Greg: About five years ago I was having a bit of a sort-out and decided it was time to consign some of my LP’s to the local charity shop. If I’d had any uncertainty about letting go of part of my once expansive collection, I dismissed it when my kids (then 11 and 12 years old) had a look through the pile of stuff which was likely to be going to the shop, picked up some of the LP’s and asked me, in all seriousness, what they were.
The LP was, clearly, passing into history and it was time to move on.
The more time I spent sorting through my LP’s the longer I found myself pausing to look at each cover, open up the gatefolds and read the lyrics. Many of the albums held memories and others were simply beautiful things (for example: Peter Hammill’s Chameleon in the Shadow of the Night and Anthony Phillips’ Wise After the Event.)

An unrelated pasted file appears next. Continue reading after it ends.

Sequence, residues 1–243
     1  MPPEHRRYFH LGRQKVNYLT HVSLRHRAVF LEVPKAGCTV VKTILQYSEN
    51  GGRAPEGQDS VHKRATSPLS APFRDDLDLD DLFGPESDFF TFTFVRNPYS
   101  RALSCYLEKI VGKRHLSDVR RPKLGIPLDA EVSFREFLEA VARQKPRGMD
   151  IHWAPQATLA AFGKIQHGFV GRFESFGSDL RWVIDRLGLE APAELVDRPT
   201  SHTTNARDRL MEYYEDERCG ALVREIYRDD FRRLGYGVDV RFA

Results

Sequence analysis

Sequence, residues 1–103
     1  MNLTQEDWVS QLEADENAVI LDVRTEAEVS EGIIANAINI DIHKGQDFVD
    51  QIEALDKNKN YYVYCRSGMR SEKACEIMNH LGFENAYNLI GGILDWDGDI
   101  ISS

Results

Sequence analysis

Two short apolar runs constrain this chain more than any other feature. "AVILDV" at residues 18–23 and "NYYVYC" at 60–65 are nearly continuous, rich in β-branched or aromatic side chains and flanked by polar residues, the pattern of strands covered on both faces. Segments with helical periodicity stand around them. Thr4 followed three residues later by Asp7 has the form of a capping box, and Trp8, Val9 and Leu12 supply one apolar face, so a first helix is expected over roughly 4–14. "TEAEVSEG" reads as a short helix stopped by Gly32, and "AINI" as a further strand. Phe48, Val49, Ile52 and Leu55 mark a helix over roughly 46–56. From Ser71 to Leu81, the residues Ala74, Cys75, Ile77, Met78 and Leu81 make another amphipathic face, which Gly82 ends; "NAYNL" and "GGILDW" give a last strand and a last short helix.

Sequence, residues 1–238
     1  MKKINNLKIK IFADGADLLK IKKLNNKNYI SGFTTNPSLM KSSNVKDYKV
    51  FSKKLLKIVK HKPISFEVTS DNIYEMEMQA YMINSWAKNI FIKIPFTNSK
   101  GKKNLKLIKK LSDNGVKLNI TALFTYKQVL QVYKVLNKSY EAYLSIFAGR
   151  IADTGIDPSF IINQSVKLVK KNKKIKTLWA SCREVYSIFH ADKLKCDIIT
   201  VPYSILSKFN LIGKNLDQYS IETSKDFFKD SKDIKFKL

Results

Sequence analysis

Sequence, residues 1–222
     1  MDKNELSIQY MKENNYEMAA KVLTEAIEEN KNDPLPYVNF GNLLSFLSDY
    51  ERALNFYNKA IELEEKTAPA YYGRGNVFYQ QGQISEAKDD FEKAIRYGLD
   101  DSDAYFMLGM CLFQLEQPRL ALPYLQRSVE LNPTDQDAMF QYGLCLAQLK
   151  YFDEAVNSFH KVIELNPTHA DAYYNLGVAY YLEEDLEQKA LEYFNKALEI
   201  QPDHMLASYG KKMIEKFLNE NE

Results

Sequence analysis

So, in the end, most of my LP’s ended up back on the shelves and, this time, not hidden away. They were just too lovely and too important to me to let go of.
And now, some time later, I find myself dusting off my old Acoustic Research turntable and waiting to lower (gently…gently) the stylus onto English Electric, the first Big Big Train album to be released on LP. It’s a moment that, a few years back, I never thought could happen.
Comparing the CD (or the downloaded music file) to the LP..well, it’s like comparing a diesel train to a steam engine. And we all know that it’s the steam engine that sounds and looks right, and is the thing that will stop you in your tracks.